02:21 MH: Before moving to Sydney, she worked in Silicon Valley for 12 years at two startups and Intuit, a large tech company. She’s been helping teams to collaborate and run interactive work sessions for her whole career and today, she is our coach and guest. Welcome to the workshop/show, Jody.
02:38 Jody Weir: Thank you. My God, it’s exciting to be here.
02:42 MH: Well, we’re delighted to have you and I promise not to be too defensive.
02:48 JW: Great, great but I’m used to this so we can work through it.
02:52 MH: There you go, okay. You’ll be gentle, I love it. Alright, so maybe a great way to start, Jody, is just maybe to talk a little bit about… There’s a lot of different kinds of workshops, maybe we could start with just describing some of the different kinds that are there and then we’ll see where the conversation takes us from there.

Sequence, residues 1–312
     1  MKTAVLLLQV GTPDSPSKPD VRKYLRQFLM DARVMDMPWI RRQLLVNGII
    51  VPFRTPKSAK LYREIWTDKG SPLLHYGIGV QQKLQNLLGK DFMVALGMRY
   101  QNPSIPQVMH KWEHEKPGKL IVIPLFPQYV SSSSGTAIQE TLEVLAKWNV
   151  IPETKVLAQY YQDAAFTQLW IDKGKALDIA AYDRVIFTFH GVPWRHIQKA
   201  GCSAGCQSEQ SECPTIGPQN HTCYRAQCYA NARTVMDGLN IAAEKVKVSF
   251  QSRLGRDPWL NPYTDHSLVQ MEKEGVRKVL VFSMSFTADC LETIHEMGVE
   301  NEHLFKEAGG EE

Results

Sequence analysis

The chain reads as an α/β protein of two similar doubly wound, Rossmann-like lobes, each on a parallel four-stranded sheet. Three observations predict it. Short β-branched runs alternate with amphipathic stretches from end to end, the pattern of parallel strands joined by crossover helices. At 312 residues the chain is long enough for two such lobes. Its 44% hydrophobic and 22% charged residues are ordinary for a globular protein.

03:10 JW: Sure. Well, to me, a workshop is when you’re getting people together with diverse experiences and opinions and you need all that in order to achieve a certain objective. So there’s a reason why you want people to collaborate and to collaborate effectively. So that could be you’re trying to reach a decision on something and there’s multiple point views, it could be that you’re brainstorming some potential solutions for how you move forward. My favorite is a retrospective, so where you’re reflecting on what you’ve learned from something, an activity that you’ve done and how you might do things differently going forward. There could also be, from an analytics perspective, looking at certain data and deriving insights, so getting multiple peoples’ perspective on that data and building on each other’s insights to discover something that hopefully you wouldn’t have discovered if you were just analyzing it in isolation.